Witness claims he held out his hand with two coin to show defendant money. Defendant struck witness’s hand and he was dispossessed of his coins.
Jury at trial was instructed: “If the jury find from the evidence that the defendant, with a felonious intent, grabbed for the money, but did not get it, but only knocked it from the owner’s hand with a felonious intent, this would be a sufficient carrying away of the money, although the defendant never got possession at any time of said money.”
Can defendant be convicted of taking when his intent was to take, but the effect of his act did not put him in possession of would-be stolen item?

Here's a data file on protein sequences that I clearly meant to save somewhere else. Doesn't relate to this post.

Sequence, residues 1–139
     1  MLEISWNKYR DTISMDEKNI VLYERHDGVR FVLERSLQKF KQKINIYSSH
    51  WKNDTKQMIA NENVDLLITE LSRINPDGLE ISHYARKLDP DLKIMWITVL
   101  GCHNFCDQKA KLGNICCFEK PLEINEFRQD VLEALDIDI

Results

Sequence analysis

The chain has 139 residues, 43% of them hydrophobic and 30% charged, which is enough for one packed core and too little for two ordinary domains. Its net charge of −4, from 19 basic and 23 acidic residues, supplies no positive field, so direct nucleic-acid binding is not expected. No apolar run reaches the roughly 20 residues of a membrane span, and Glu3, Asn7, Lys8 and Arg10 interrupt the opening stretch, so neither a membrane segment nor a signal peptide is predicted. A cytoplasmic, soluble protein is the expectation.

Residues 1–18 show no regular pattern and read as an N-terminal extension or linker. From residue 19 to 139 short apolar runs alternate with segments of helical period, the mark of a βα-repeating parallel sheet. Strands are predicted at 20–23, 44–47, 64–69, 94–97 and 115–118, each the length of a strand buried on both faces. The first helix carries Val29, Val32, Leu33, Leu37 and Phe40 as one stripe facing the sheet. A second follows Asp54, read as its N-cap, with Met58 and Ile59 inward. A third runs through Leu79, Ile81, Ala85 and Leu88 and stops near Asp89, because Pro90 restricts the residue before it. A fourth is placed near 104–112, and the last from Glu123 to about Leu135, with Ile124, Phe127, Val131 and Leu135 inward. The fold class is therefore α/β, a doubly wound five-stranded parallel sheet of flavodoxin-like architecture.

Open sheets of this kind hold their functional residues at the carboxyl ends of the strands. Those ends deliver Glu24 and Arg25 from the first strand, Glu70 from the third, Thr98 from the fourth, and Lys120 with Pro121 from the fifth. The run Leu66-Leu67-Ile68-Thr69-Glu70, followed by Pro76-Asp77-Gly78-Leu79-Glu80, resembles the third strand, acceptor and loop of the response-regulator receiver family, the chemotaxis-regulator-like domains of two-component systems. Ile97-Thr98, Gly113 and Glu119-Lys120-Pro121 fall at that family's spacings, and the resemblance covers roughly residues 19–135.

No. For larceny “there must be a felonious taking and carrying away of personal property … there must be dominion and control of the property.” The accused must further carry away “as to supersede the possession of the owner for an appreciable period of time.” In the instant case, the defendant did not acquire possession himself, nor did he exercise dominion and control over the object.
When a defendant fails to exercise dominion and control over the stolen property he is said to have “asported” the property. Here, the defendant asported the property but did not commit larceny.